Their overall sound doesn't wow me. I expected more. They're better than being in the rear, but experience is much better with headphones; I use Grado Labs RS1.
Initially, I found the tablet to be too big -- that coming from Nexus 7, which size really appeals to me. I type much faster on the 7-incher, because it's easier to hold with one or two hands. Nexus 10 is bulky, which can be said of other slates in this size class, including iPad 4. But after a month's use -- and experiencing the benefits of the amazing screen -- I'm more accustomed to the difference, but not settled.
Amazing isn't strong enough word to describe the super high-resolution display. Colors are crisp and viewing angles are superb. There is no distortion, even watching video, from any angle -- that's a distinguishing characteristic. The screen is really bright, even at half-brightness, almost too much for my tastes.
Nexus 10's display sets it apart from every other Android tablet, even ASUS' impressive Pad line, and the 16:10 aspect ratio smokes iPad's 4:3. You can watch movies on Apple's tablet, but they're more enjoyable on Google's.
The two cameras are competent enough for a device this size and price, but I didn't much use either for this initial test.
Battery life is excellent, such I can't tell you how much. Subjectively, I haven't experienced charge running down too fast doing anything. Days usage is my overall experience. I rarely benchmark, which is one measure, because the numbers often are meaningless for real-world usage. For example, I get much better battery life from Galaxy Nexus or Nexus 4 than some benchmarks suggest, while based on posts in my social network other people get much less.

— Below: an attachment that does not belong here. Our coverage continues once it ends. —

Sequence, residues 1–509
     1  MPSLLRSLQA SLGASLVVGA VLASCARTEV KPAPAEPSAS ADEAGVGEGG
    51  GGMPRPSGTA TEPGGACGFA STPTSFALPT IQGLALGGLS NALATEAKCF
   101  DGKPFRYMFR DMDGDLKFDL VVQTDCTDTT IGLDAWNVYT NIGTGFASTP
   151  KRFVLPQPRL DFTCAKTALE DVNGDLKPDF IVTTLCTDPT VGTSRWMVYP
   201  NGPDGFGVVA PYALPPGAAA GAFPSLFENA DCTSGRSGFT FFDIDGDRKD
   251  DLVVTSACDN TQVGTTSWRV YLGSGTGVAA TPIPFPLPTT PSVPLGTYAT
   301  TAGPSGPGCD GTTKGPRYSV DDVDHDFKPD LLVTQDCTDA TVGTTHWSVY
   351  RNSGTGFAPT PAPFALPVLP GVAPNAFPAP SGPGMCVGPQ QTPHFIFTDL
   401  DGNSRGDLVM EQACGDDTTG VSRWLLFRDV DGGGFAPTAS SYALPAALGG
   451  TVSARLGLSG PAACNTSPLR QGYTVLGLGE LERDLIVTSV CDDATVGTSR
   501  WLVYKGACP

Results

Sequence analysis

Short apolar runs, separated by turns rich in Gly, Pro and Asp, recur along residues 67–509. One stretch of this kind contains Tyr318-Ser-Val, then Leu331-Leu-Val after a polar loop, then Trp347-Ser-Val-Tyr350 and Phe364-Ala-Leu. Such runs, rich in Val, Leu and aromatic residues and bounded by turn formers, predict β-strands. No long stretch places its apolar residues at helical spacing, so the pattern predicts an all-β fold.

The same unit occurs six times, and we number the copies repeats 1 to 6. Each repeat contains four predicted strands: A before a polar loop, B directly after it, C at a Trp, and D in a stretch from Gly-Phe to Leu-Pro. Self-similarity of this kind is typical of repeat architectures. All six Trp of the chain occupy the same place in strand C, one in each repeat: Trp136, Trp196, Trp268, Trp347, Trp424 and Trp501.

Charging the battery is a whole other matter. Plugged into the electrical wall socket, my Nexus 10 takes average 6 hours to recharge from about 3 percent. Six hours! That's simply too long. If you run down the battery like I do, recharge while you sleep.
The Google-branded tablet isn't just fast, it's smooth. Transitions among apps and functions flow. Sometimes at night, I'll use Nexus 10 to play music videos on Google TV, while actively juggling three or four other apps, typically Chrome, Feedly, Gmail, Google+ and Now. Smooth operation is consistent, even with many open Chrome tabs.
That said, Nexus 10 started misbehaving soon after updating to Android 4.2.1. The tablet occasionally freezes and reboots. Frequency varies from once a day. The experience jars, because during the four-and-a-half months I used Nexus 7 as my full-time tablet, it crashed not once. The lockups frustrate and, based on posts in my social network, aren't unique. Other users also say problems started with the newest update.